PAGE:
That’s about it for My Sister Sif. Aside from the mixed race Magnus sisters, the Islander we see most of is Mummy Ti, who, though not their biological parent, is effectively their mother. Erika’s homecoming:
Soon I was in the small flowery shed behind the airstrip, and there was Sif, eyes sparkling in a brown face, and Mummy Ti, crowned with yellow hibiscus, and yelling with happiness.
Fat, floral and loud. These traits conform to stereotypes, but they also mark Mummy Ti instantly as a safe person, in contrast to the slender, chilly Joanna. Late in the book, Mummy Ti sets aside her cuddly persona to confront the girls’ mother, Matira, who wants to take Sif away:
Mummy Ti insisted on accompanying us. I watched her dress, in the old style — the flowing flowery dress called a Mother Hubbard, her beautiful black hair down her back, and a crown of orange hibiscus flowers on her head. She was majestic, like a Tahitian princess of ancient days. Her face was fierce. I knew she would fight Matira for Sif, if it came to that. I remembered her words, that she would not allow bad things to happen to us.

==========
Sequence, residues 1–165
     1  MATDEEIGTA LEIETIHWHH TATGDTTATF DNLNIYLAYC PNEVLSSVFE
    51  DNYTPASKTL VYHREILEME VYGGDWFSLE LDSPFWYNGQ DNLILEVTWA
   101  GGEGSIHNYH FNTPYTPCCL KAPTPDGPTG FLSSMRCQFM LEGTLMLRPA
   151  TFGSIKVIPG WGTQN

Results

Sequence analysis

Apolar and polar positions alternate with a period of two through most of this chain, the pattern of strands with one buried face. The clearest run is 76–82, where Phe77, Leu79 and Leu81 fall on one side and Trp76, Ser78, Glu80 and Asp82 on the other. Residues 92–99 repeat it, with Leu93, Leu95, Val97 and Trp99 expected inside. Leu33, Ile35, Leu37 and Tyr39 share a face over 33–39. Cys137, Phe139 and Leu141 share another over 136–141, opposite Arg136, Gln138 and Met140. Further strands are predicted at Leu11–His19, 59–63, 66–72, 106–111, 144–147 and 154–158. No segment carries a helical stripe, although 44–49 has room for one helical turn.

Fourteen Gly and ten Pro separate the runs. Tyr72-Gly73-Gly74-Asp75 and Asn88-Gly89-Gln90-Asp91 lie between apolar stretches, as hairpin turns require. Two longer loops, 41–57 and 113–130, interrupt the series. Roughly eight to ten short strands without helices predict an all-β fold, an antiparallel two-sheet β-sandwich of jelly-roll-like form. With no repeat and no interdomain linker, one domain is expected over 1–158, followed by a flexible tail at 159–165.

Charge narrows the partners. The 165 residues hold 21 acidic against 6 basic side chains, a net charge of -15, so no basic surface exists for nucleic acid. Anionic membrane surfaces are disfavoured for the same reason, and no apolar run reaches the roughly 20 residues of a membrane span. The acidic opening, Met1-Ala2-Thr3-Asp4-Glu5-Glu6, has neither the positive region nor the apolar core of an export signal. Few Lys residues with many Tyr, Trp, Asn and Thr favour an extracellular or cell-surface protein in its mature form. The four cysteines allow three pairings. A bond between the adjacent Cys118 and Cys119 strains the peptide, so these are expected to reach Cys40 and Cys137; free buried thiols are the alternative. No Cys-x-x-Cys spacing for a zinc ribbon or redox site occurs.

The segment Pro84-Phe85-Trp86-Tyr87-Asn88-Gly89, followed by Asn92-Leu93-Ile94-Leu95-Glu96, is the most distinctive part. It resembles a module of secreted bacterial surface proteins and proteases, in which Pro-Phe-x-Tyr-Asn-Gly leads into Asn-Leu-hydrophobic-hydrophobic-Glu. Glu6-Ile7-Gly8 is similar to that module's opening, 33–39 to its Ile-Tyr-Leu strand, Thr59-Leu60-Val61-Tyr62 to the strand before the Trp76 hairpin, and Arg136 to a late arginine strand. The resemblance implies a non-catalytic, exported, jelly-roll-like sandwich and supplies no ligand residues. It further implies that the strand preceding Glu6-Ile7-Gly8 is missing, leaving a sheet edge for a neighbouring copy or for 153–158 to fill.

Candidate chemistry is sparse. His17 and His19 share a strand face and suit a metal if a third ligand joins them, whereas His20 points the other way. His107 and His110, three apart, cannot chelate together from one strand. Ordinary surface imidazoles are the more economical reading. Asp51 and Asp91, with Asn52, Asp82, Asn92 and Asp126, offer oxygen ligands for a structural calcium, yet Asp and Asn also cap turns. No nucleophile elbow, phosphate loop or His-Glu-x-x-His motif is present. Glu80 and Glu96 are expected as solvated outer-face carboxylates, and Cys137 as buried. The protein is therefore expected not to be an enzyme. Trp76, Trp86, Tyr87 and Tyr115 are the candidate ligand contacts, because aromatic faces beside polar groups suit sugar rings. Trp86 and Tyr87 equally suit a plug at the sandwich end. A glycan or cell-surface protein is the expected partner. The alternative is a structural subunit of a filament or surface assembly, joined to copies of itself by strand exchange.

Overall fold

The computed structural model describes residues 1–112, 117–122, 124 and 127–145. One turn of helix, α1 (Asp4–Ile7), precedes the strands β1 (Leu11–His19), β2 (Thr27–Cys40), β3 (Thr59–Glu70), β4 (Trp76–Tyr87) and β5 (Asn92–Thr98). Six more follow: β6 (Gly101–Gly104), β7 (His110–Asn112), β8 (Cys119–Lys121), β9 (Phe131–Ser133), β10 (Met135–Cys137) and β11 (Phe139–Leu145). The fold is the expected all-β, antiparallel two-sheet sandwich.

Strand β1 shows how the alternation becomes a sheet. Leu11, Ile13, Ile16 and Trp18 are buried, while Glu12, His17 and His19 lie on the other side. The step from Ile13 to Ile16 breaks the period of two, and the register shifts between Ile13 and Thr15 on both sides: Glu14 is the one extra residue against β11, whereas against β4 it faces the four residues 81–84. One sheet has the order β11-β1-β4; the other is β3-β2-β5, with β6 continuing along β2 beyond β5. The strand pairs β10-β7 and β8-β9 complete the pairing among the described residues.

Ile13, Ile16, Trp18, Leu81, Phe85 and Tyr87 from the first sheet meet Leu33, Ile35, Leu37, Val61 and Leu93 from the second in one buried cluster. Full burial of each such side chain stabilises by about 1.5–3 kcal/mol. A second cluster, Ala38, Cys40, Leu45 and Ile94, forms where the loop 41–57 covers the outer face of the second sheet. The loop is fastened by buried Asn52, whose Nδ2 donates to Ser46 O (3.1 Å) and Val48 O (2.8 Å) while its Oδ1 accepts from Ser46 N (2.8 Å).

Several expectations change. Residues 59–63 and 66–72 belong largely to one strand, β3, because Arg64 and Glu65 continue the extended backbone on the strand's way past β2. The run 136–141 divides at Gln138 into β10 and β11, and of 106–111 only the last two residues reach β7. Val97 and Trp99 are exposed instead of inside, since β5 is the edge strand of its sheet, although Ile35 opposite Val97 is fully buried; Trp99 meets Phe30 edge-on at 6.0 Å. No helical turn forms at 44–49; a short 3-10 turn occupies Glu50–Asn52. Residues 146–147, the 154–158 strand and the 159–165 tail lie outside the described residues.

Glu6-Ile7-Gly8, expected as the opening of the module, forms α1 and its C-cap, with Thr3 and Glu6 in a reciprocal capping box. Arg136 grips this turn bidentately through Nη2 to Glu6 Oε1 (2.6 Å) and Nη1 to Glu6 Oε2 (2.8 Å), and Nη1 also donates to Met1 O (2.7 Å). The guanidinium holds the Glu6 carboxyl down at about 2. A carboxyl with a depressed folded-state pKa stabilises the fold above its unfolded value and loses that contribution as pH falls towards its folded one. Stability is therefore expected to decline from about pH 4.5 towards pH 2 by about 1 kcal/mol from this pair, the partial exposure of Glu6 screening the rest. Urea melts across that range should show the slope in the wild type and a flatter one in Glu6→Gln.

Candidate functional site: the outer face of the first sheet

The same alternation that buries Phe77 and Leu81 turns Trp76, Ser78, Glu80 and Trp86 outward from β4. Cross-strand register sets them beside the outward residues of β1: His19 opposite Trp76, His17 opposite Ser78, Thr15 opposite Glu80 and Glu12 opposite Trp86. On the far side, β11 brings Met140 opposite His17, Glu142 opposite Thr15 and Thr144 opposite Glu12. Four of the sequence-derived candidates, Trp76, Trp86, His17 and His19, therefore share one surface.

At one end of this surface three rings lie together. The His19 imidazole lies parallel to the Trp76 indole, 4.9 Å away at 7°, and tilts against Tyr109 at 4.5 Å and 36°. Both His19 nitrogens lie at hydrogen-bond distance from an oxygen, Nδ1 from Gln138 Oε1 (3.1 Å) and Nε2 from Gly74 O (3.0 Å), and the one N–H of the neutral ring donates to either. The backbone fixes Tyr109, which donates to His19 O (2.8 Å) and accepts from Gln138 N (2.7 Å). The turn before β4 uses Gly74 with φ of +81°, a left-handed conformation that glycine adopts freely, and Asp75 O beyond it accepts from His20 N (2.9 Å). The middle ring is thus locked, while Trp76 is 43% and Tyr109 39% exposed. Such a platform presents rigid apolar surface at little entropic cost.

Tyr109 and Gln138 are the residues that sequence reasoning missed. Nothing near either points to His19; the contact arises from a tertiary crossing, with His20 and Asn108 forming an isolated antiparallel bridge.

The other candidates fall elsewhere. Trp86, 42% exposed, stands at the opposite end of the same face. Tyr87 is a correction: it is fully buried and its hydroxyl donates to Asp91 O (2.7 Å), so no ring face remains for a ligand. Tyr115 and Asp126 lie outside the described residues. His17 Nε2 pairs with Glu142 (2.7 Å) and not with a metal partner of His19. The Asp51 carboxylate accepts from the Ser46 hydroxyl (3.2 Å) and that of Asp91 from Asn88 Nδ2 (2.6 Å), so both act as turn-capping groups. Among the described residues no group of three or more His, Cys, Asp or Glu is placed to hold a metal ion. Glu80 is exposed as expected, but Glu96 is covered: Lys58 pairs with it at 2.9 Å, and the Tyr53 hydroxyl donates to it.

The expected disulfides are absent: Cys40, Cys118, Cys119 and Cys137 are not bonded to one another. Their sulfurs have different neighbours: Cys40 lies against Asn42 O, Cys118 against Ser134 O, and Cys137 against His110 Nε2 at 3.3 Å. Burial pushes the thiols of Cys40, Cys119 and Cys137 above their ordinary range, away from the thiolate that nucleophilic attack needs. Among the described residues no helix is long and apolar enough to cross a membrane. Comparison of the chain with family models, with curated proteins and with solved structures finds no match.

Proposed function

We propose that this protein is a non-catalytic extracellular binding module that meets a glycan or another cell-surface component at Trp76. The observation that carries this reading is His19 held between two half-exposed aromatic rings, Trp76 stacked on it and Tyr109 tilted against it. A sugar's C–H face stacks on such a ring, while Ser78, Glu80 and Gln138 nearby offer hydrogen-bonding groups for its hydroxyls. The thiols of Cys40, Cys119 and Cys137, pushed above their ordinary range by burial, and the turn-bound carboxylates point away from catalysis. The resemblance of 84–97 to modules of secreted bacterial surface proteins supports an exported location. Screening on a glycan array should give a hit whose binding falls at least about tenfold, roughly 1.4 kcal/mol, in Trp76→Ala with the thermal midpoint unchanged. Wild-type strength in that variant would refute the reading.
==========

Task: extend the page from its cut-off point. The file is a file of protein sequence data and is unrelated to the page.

Whatever was in her mind — pagan spells or Christian prayers — was powerful. She said nothing, crouched on the sand above high tidemark, her eyes fixed upon Stig and our mother. Just the look of her made me uneasy. I was thankful it was not me she disliked.
Again, there is a strong element of stereotype, but reading this as a child, it was only the second time I had ever encountered a description of non-white majesty.
The first was in this very book, a few chapters earlier, and, of course, it’s Matira herself:
Just then our mother rose like a brown wraith out of the lagoon. Though she was old, she was not old like a landwoman. Her hair was a metre long, cloudy in the water like dark weed. On her head was an ornament of blue staghorn coral.
…Always when her arms were around me I forgot that Matira had run off to live with her own people when I was four, leaving me to my father and Dockie to bring up. There was enough seaperson in me to understand her homesickness.
Two powerful women, both mothers to the heroines. What’s remarkable here is that Erika loves and empathises with both of them, even the selfish and imperious Matira. Erika and Sif’s mother is criticised for her self-aborption, but she’s never demonised for it.
Nevertheless, the portrayal of the islanders as a whole is stereotypical and two dimensional. The only (human) islander we see much of is Mummy Ti; the rest are an amorphous crowd who enjoy movies, sweet food and a good joke. The other Rongo-dwelling humans with whom Erika interacts are Dockie, Mummy Ti’s alcoholic Scottish husband, and the local missionary, the Reverend Mr Spry. Good characters, but very much white dudes.